No child-care facility exempt from licensure shall assert to any parent or guardian of a child for which the facility provides care that the facility is licensed when in fact the facility is not licensed. SECTION 210.211
This act increases the penalty for violations of child care licensure provisions to include a fine of two hundred dollars per day, not to exceed a total of ten thousand dollars for subsequent offenses. SECTION 210.245
SAM PRATT’S LAW
This act provides that in any case involving abuse, neglect, or death of a child, any court of competent jurisdiction may impose as a condition of release of a defendant that such defendant be prohibited from providing child care services for compensation pending final disposition of the case.
Ths court shall notify the Department of Health and Senior Services and the Department of Social Services when it makes such a determination, as well as the disposition of the case. SECTION 544.456
The Sam Pratt’s Law provision is similar to HCS #2/HB 1323 (2012).
ADRIANE CROUSE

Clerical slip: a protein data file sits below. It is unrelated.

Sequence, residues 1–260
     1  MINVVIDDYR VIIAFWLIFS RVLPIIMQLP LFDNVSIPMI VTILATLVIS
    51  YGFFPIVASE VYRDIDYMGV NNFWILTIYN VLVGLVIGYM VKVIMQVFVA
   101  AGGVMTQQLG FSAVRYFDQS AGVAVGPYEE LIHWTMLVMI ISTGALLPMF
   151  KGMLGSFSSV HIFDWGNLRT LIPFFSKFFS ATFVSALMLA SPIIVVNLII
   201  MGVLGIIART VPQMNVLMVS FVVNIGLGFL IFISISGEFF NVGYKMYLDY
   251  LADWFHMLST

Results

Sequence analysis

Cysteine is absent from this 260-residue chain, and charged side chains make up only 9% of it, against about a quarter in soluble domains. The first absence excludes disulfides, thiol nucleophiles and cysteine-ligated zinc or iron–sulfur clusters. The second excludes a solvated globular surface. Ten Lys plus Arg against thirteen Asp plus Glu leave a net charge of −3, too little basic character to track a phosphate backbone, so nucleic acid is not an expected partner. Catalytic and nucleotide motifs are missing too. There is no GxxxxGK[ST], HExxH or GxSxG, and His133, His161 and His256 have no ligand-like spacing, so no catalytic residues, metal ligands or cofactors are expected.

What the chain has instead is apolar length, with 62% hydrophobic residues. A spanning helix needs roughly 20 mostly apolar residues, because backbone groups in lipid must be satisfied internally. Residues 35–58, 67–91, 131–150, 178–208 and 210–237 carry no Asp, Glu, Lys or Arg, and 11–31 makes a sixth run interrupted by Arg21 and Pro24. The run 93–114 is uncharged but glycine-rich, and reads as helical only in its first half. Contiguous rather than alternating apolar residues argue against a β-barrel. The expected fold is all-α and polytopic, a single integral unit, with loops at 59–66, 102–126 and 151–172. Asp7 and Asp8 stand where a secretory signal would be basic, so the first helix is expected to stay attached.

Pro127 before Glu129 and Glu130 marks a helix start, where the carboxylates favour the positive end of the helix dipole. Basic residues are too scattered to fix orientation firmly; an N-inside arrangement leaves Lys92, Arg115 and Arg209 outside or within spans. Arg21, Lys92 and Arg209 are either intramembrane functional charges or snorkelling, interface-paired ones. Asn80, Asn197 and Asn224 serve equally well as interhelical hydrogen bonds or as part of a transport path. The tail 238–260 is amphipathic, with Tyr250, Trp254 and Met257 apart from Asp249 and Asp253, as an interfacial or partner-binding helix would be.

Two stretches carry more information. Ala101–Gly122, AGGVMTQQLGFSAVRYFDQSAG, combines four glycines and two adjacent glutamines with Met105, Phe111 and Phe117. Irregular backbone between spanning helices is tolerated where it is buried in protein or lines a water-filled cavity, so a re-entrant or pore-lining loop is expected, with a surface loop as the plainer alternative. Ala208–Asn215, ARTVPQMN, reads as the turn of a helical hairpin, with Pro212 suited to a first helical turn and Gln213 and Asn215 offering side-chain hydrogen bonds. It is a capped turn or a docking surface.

Sponsor:    Rupp

LR Number:    1778S.01I    Fiscal Note:
Committee:    Health, Mental Health, Seniors and Families

Last Action:    3/3/2011 – Second Read and Referred S Health, Mental Health, Seniors and Families Committee    Journal Page:     S391
Title:        Calendar Position:
Effective Date:    August 28, 2011

Full Bill Text
|    All Actions
|    Available Summaries
|    Senate Home Page
|    List of 2011 Senate Bills

Current Bill Summary

SB 339 – This act establishes “Sam Pratt’s Law” and “Nathan’s Law” and modifies provisions relating to child care providers.
SAM PRATT’S LAW
This act authorizes the Department of Health and Senior Services to investigate child care providers who are exempt from licensure if the department learns or is notified that such provider has pending criminal charges.
The department is also authorized to prohibit a licensure exempt child care provider from continuing to provide child care services if there are criminal charges pending against him or her that would similarly result in licensure actions for a licensed child care provider. Such licensure exempt provider shall be prohibited from continuing services pending a resolution of such criminal charges in favor of the provider.